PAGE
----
Information Systems for Environmental Sustainability

IT, Resource Productivity, Environmental Preservation, and the Fourth Industrial Revolution

IDG: “Is ERP Ready for Corporate Social Responsibility?”

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IDG asks a good question. Another one is: “Is CSR ready for ERP?” From the article:

We are entering an era where corporate social responsibility (CSR) is of central concern to executives of almost every enterprise. With the publication of ISO 26000, a standard for CSR based on the UN Global Compact, executives now have a reliable blueprint for action. But to what extent is enterprise technology up to the task of documenting CSR initiatives?

In the standard, businesses are asked to take a precautionary approach to protecting the environment, to promote greater environmental responsibility and encourage environmentally-friendly technologies. Identifying and implementing enterprise technology that will allow for efficient environmental management has been a challenge for many industrial companies because a vanishingly small number of ERP products offer environmental footprint management functionality as a built-in module.

I’m not sure I agree here… any data to back this up? It would be good to know, either way.

Without this functionality, it becomes necessary to purchase third-party products that typically deal only with carbon emissions rather than the full spectrum of air, water, landfill, product lifecycles and end-of-life impacts. These third -party products must then be either integrated with an ERP package or run in stand-alone fashion — forcing a company to absorb often unacceptable costs not only from the software licensing but systems integration and/or duplicate administrative effort resulting from maintaining information in two separate systems.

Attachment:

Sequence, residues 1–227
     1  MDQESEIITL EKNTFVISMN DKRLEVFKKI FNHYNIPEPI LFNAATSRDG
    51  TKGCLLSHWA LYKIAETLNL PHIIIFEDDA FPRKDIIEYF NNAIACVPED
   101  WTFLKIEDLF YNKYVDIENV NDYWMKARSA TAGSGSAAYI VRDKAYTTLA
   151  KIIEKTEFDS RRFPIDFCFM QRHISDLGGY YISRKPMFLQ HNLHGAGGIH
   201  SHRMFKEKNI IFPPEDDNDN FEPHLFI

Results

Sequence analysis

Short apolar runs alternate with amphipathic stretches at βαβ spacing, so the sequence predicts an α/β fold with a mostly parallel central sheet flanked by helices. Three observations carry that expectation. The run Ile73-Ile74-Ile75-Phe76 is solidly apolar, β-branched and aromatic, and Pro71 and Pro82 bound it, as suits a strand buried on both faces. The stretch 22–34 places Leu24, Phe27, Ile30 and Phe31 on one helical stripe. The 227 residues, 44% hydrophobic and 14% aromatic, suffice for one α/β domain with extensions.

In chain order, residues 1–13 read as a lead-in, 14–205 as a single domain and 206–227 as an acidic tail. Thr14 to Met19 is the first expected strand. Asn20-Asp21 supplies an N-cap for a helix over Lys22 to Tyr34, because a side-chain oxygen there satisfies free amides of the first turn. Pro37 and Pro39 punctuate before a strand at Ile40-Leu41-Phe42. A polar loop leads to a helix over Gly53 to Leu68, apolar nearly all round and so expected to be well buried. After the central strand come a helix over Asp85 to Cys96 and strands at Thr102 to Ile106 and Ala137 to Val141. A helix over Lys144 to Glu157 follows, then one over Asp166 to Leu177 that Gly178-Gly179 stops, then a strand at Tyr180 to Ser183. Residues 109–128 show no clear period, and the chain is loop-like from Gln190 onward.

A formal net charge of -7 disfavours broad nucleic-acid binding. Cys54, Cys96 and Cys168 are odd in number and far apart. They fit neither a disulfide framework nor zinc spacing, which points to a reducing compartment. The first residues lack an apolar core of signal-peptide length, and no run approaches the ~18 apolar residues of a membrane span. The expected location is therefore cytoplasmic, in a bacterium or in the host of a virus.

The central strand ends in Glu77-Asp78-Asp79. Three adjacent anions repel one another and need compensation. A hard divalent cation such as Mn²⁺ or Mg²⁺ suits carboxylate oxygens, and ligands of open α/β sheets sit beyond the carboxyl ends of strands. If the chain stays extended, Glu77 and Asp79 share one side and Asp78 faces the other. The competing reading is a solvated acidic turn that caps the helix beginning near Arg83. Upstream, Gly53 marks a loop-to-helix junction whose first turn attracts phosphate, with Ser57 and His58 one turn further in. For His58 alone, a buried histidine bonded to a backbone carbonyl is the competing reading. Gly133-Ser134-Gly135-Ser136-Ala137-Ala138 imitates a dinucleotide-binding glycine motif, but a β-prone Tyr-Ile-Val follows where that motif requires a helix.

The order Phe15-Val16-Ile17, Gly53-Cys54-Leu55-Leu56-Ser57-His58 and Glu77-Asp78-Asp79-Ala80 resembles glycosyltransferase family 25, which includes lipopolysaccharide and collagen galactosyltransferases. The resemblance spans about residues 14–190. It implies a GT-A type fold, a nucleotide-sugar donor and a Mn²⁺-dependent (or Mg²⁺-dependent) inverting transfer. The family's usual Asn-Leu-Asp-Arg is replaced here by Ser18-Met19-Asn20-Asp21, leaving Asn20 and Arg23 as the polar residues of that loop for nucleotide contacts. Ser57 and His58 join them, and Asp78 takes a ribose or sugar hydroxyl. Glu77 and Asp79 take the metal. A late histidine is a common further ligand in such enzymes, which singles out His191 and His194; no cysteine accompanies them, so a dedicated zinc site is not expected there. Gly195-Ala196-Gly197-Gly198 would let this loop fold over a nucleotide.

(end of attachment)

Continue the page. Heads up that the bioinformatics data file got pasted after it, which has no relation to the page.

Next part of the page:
Ideally, an ERP package should support ISO 26000 by providing, within the ERP suite itself, a configurable tool for capturing data on the entire spectrum of environmental impacts. This would allow, for instance, a company doing substantial electronics business in Europe to focus on the substances covered in Registration, Evaluation, Authorization of CHemicals (REACH), Waste Electrical and Electronic Equipment (WEEE) and Reduction of Hazardous Substances (RoHS) regulations. A capital equipment manufacturer could focus on the lifecycle environmental impact of their long-lived product, along with decommissioning costs. A company with an extensive supply chain could focus on decision support for selecting vendors based on proximity.

Environmental footprint management built into ERP also streamlines reporting, and provides for a more direct and credible source of information because tampering is harder to accomplish given the preventive and detective controls within a modern ERP system.

Author: nigelpm

Associate Professor of Information Systems, Stephen M. Ross School of Business, University of Michigan - Helping organizations to navigate digital transformation.

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